Chess King falls behind in contest for crown
Carlsen has been the No. 1 player in the world almost continuously since January 2010, but the world champion has been Viswanathan Anand, 43, an Indian grandmaster, who won the title in 2007.
For more than three years, Magnus Carlsen, a 22-year-old Norwegian, has been the uncrowned king of chess. It appears increasingly likely that within the next few days, he will officially wear the crown of world champion.
Carlsen has been the No. 1 player in the world almost continuously since January 2010, but the world champion has been Viswanathan Anand, 43, an Indian grandmaster, who won the title in 2007. To become world champion, it was necessary to defeat Anand in a match, but Carlsen did not earn the right to face him until last March, when he won the Candidates tournament in London.
The match for the title began a week ago in Chennai, India, Anand's hometown. It is a best-of-12 series, with wins counting as 1 point and draws a half-point. On Saturday, Carlsen won his second straight game. He now leads 4 points to 2, with 6.5 points needed to clinch the title. The seventh game will be Monday.
Though the match is technically not over, the deficit Anand faces is enormous, particularly against an opponent like Carlsen. The winner of the match will receive 60 percent of the prize fund of about $2.5 million.
The match started slowly with two quick draws. They were followed by two hard-fought draws. On Friday, in Game 5, Carlsen finally broke through, beating Anand in a game that lasted 58 moves and more than 5 1/2 hours.
Carlsen had Black on Saturday, which is considered a disadvantage because White moves first. But after 20 moves, chances were equal. Then Anand made a small mistake, giving Carlsen the tiniest edge.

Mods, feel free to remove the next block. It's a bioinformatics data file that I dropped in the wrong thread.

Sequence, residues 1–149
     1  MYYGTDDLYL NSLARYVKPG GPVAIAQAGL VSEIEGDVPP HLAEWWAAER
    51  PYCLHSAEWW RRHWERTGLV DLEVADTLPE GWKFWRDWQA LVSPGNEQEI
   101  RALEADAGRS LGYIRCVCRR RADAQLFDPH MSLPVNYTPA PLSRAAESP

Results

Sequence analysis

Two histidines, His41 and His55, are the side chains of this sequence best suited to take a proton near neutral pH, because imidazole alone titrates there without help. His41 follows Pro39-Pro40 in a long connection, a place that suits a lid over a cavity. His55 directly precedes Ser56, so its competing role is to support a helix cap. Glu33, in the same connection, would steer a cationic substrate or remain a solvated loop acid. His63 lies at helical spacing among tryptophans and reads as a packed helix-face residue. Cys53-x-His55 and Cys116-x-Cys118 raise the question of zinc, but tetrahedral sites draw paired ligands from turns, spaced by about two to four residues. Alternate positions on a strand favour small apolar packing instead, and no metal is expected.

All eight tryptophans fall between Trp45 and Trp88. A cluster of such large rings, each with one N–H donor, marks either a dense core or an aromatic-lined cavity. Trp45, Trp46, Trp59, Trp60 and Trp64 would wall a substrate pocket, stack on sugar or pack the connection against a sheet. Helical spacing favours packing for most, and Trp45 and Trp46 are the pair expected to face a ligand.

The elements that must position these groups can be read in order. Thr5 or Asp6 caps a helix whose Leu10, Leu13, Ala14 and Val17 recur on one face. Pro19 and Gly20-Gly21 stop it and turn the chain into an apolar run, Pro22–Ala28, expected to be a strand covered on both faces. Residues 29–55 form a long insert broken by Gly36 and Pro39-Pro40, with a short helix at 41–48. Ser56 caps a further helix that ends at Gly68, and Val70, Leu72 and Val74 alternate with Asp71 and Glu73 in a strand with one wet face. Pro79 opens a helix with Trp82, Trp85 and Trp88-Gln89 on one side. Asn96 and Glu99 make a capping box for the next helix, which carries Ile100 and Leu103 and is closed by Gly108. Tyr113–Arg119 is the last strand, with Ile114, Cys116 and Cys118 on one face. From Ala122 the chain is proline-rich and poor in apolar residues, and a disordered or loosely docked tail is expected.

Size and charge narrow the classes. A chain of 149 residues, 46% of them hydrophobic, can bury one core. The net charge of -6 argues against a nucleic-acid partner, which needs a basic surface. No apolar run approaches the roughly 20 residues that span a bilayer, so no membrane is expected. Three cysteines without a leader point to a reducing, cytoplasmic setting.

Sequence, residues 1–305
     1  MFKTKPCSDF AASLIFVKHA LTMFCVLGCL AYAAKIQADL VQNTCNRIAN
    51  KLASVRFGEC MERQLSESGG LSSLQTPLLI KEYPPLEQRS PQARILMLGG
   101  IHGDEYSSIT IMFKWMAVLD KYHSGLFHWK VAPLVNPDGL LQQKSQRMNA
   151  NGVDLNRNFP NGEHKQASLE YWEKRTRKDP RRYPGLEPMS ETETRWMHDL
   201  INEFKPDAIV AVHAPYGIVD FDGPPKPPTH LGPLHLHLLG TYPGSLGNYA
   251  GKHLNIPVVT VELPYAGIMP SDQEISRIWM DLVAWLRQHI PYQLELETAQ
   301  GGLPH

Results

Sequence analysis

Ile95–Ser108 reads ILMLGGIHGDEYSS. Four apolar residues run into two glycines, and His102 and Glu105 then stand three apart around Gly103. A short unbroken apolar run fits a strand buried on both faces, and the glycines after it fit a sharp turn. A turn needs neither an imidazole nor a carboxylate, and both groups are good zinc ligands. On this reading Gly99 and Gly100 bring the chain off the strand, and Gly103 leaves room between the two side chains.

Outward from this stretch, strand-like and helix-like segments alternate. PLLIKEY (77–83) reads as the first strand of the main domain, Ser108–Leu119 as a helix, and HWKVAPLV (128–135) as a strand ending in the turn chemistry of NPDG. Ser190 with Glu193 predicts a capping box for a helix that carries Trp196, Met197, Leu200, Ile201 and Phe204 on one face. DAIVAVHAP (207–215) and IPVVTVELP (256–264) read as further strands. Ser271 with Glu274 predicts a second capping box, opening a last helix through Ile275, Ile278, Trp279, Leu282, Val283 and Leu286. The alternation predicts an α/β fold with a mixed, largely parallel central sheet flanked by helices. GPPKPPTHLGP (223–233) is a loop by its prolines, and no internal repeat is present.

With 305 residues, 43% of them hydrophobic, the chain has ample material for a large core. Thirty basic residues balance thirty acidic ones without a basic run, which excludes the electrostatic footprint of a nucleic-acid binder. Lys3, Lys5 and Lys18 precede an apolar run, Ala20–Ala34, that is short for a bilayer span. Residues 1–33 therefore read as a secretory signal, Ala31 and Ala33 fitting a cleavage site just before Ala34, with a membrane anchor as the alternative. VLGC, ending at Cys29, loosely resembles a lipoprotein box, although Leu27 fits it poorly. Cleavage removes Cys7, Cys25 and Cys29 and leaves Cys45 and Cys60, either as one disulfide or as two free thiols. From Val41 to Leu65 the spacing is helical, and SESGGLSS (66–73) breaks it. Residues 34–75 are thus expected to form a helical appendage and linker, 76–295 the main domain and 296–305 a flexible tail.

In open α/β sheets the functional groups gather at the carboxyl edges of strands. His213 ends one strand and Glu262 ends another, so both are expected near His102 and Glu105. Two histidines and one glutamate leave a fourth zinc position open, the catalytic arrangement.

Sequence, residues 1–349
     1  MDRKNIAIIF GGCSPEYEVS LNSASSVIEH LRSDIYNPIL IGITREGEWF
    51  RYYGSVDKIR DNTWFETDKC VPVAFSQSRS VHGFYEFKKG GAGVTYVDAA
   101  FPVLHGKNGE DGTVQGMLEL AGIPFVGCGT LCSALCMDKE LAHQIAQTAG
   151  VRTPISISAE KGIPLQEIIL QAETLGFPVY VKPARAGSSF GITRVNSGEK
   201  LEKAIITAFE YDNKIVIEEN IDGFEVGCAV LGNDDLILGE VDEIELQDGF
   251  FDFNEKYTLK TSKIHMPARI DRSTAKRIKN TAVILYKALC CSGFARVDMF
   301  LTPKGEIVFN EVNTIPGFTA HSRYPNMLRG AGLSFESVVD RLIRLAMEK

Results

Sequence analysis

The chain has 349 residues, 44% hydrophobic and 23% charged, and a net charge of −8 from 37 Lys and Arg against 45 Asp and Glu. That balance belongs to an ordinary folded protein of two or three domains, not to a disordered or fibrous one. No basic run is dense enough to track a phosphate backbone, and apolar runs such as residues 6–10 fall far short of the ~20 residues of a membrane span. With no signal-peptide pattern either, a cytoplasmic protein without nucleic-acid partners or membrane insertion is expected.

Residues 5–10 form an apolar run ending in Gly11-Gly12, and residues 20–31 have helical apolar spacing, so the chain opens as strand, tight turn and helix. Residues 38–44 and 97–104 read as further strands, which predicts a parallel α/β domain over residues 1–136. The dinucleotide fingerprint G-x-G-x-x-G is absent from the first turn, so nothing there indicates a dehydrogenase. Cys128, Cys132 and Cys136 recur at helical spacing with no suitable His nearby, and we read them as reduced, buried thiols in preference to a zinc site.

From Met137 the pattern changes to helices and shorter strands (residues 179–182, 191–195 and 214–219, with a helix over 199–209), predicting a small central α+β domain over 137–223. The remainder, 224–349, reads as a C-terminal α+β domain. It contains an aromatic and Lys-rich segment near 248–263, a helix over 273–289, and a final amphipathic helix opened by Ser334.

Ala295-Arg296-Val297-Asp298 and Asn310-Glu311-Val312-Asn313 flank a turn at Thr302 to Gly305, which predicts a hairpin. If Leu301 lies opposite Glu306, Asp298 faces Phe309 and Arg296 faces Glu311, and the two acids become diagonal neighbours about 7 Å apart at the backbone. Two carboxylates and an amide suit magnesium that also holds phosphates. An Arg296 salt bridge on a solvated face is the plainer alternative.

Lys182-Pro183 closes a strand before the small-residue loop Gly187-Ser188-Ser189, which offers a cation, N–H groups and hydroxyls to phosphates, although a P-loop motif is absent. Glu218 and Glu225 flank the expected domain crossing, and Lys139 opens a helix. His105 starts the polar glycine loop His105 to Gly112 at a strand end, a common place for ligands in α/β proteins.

Against almost any other player, that would probably not matter. But against Carlsen, who is already being compared to some of the greatest players, it is a terrible deficit. He loves positions in which he has a tiny advantage and will squeeze and squeeze his opponent, hoping to force an error.
As he did in Game 5, Anand fought on, and though he was down two pawns at one point, he achieved a position that he should have been able to hold to force a draw.
But Carlsen kept pressing with computerlike precision, forcing Anand to solve problem after problem. Finally, just as happened in Game 5, after hours of play, Anand erred, this time by moving his rook when he should have pushed a pawn.
That was all that Carlsen needed. He was able to push one of his own pawns rapidly, and Anand resigned after 67 moves, just as Carlsen was about to promote the pawn to a queen.
Psychologically, Anand must be feeling very dispirited, as he has played well but still lost. It is also possible that he may be starting to feel intimidated. Even before the match began, Vladimir Kramnik, Anand's predecessor as champion, suggested that would be a factor in an interview with Pune Mirror, an English-language newspaper in India.
"The only problem that I think Anand is facing is that he - this is just my opinion - is somewhat intimidated by Carlsen," Kramnik said. "He is playing unconfidently against him - he's scared of him, I would say."
© 2013 New York Times News Service